The bill is based on recommendations made by a task force formed in the wake of the physical and mental abuse of a patient in 2017.
The settlements deal with hepatitis C among those in the state’s prisons and jails and the abuse of a patient at Whiting Forensic Hospital.
A bill would make it easier for people found not guilty by reason of insanity to earn release from Whiting Forensic Hospital.
The report underscores how a stubborn staffing shortage at the state’s sole maximum security psychiatric hospital can erode patient safety.
With vaccines for patients on the horizon, plaintiffs agreed to the case’s dismissal.
Task force co-chair says it will be a “long process” to replace the 50-year-old building.
The Whiting Task Force blocked out eight hours for a public hearing. They only needed one.
Understaffing, a dearth of programming for substance abuse and a shortage of community beds are recurring concerns raised by patients.
Courts’ use of competency exams increased while the criminal docket shrunk between 2015 and 2019.
Another investigation of Whiting Forensic, a state-run psychiatric facility, calls for significant reforms.
“I think the biggest problem that we had was that if we were to give any sort of advice, we’d like to be informed,” Board chairman William Wynne said. “And we were never informed.”
The workers said chronic staffing shortages and forced overtime have created a dangerous situation for both employees and patients.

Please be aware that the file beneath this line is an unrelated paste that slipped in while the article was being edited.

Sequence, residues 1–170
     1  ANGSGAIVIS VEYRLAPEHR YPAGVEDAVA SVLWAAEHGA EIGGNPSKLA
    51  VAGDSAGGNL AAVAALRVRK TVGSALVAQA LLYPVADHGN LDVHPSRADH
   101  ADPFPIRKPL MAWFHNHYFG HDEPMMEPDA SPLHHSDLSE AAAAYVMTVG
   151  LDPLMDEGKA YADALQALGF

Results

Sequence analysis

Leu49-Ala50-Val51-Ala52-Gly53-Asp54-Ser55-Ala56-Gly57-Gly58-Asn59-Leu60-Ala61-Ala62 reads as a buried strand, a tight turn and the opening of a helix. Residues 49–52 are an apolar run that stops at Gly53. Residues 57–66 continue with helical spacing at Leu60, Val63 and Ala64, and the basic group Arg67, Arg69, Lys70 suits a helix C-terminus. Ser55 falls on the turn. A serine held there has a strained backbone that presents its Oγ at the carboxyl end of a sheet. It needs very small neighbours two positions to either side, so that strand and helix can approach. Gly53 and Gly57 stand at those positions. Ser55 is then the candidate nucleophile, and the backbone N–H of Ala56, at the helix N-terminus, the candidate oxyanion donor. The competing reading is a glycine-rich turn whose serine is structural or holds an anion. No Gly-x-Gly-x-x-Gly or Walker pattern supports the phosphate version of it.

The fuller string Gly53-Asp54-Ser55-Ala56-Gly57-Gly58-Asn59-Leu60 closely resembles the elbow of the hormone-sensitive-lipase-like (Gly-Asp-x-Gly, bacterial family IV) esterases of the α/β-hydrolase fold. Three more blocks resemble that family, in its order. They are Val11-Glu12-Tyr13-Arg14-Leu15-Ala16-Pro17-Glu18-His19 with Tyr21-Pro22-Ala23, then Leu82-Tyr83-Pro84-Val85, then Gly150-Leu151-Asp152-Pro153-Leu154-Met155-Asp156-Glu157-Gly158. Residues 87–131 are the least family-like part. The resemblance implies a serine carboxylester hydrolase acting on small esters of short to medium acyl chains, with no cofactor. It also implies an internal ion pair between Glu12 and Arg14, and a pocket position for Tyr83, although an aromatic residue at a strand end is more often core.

Hospitals officials told Whiting task force members the number of harmful incidents last month at the maximum security psychiatric facility decreased by almost 60 percent compared to May 2018.
Spurred by urgent demands that horrific abuse at Whiting Forensic never happen again, the state House of Representatives unanimously gave final approval to a series of reforms designed to increase oversight of the facility. The House vote was 148 to 0.
More than a year after the repeated, cruel abuse of a Whiting Forensic patient was captured on videotape, the state Senate approved a bill that would create an independent task force to oversee the maximum security psychiatric facility and would make staff there and other state behavioral health facilities subject to fines or even criminal charges if they fail to report abuse.